Captivated by the Flavors of Korea
I have grown such fondness and affinity for food over the years. I was such a lanky child that everyone would think I was sick all the time. I was thin, not because I had a chronic illness or because I wasn't fed enough (believe me I was), but due to my hypersonic metabolism I was able to consume a high caloric diet without even gaining weight! Those were the days. Now, I eat a grain of rice and I gain a few pounds!
I was always adventurous when it comes to food. I wouldn't say that I've tried everything. There are still some cuisines and exotic dishes I am curious about. Food has only two categories for me, those that I have eaten and those that I have plans of eating. However, through my entire existence, I've had a few favorite cuisines and one of which is Korean food.
One's first impression on Korean food is that its all chili and spice, but they dont realize that it's all about balance and everything nice. A typical Korean meal is composed of a little bit of red, a little bit of brown, green and white. Hence the unlimited "Banchan" or side dishes.
Due to the influx of Korean tourists in the Philippines, Cebu in particular, the number of Korean restaurants in the city doubled in number. A few years ago, some people wouldn't even know what Samgyupsal (삼겹살) is and now most Cebuanos can't get enough of it. Korean restaurants and coffee shops have been popping up in the city and growing like mushrooms. Blame it all on the Hallyu craze. If you watch k-dramas, you would know. But there's so much more to the cuisine than thinly sliced pork belly grilled to perfection.
Here's a list of other specialties that can be found in Cebu:
1. Topokki / Deukbokki (떡볶이)
Rice cakes cooked in spicy korean pepper paste/powder and sugar. I prefer to top this with lots of cheese.
2. Soondae (순대)
Korean blood sausage. I didnt really like it at first because my imagination got the best of me. After a few blinks, I realized that I eat dinuguan (blood stew) which has even more pig's blood than this one. I loved this the second time I ate it. You dip it in salt with pepper powder and sesame seeds. Best paired with Toppokki.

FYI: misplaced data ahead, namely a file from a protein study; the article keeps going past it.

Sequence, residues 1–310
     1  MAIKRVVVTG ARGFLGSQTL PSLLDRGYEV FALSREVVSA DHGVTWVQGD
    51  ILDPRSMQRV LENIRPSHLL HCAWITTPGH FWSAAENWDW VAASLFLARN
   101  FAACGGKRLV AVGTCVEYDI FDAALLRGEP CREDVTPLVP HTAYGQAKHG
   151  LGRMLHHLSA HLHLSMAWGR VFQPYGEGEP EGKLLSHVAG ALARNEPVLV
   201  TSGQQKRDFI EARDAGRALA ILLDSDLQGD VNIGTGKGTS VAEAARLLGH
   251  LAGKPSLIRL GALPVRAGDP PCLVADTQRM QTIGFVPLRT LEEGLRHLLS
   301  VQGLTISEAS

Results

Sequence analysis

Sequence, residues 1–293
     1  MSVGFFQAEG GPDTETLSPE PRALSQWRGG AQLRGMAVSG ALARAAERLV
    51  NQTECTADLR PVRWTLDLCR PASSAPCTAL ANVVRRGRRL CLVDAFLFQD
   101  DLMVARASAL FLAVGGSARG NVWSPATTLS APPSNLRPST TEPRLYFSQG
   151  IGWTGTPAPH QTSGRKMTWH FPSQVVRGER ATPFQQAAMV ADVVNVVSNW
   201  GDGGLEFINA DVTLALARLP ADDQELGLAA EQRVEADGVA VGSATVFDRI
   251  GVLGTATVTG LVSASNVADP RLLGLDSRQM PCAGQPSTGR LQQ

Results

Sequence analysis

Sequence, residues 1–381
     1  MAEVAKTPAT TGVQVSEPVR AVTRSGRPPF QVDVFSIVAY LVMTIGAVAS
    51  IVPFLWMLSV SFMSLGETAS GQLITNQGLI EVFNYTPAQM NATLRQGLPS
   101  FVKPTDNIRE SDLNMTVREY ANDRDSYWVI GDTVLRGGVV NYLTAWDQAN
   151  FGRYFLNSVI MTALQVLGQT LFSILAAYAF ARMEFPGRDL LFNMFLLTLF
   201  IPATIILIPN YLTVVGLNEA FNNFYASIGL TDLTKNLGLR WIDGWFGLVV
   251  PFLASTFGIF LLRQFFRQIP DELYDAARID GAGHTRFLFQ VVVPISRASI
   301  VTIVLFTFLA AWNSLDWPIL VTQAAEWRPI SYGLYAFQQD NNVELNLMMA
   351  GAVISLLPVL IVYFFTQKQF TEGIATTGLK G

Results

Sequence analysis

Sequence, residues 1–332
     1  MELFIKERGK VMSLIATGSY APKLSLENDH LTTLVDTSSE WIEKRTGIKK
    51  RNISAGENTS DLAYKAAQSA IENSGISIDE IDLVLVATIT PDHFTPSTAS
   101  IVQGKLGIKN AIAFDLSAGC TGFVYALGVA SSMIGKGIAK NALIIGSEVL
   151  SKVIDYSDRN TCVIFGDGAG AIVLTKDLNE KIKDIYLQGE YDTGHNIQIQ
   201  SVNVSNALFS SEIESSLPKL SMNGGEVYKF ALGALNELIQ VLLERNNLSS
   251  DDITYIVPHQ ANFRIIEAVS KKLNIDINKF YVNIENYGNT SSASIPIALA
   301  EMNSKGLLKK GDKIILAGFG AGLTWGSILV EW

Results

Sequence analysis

3. Mandu (만두)
The korean version of dumplings or siomai. It's tastier than your usual siomai sa tisa. Dip it in soysauce with sesame oil or just eat it as is. yummmm!
4. Korean Fried Chicken (KFC)
In my opinion, the best chicken ever! I cook this at home and its definitely delish! Deep fried chicken (double fried) and topped with sweet and spicy sauce (yangyam sauce), soy garlic, or just the classic chicken. BEST with BEER! (say hello to calories)
The original Jjampong made from scratch, not the ones from Lucky Me is a spicy noodle soup with mixed seafood and a flavorful broth. If its not spicy enough for you and you feel like you can handle a bit more spice, you can add a drop of capsicin, an oil extract of the hottest chili you can ever imagine.
Stir fried noodles in black bean sauce. Again, it wasn't a favorite at first. I suppose it was because of the color, but I guess the third time's a charm. It took me a long time but I've grown fond of this dish after a few tries. Best paired with pickles (tamuji) to counter the oily texture of the dish.
Guksu is a noodle dish that could be eaten hot or cold. I usually have the cold guksu during summer and hot guksu when it's raining. This is also tradionally a dish that they serve during weddings. If you like it spicy, you might want to try the Bibimguksu. Its a cold noodle with red pepper paste and other spices.
If you live ginabot, then you'll like this one. Beef or Pork intestines that you can cook in the grill much like samgyupsal. Best paired with... chan.. chan ... chan. SOJU!
Rice porridge. Its more like a soup that could either be beef, pork, soondae, or pork innards boiled until flavorful and then you can mix it with rice. Think pochero with rice.
10. Korean Stew (Yukgaejang/ Kimchi Jjigae / Doenjang jjigae)
There's something enticing about a soup served in a stone or clay pot. Aside from the usual kimchi or bean paste stew, you should also try the spicy Korean version of pochero. Yukgaejang is a spicy beef soup with lots of vegetables and is also best for hangovers. If you love seafood, you should definitely try Haemultang, a mixed seafood stew that's sooo good, you'd want to eat the whole bowl!
11. Korean Sashimi
Unlike the Japanese version, korean sashimi is usally dipped in a red pepper paste mix with garlic and leeks and eaten as is or wrapped with perilla leaves. yummm!
I still have a lot more to add to this list. I might post a second part in the next couple of weeks. Until then, I hope you open your eyes to the different k-food options available in town. Be adventurous and who knows, you might turn out to be a K-food addict like me.
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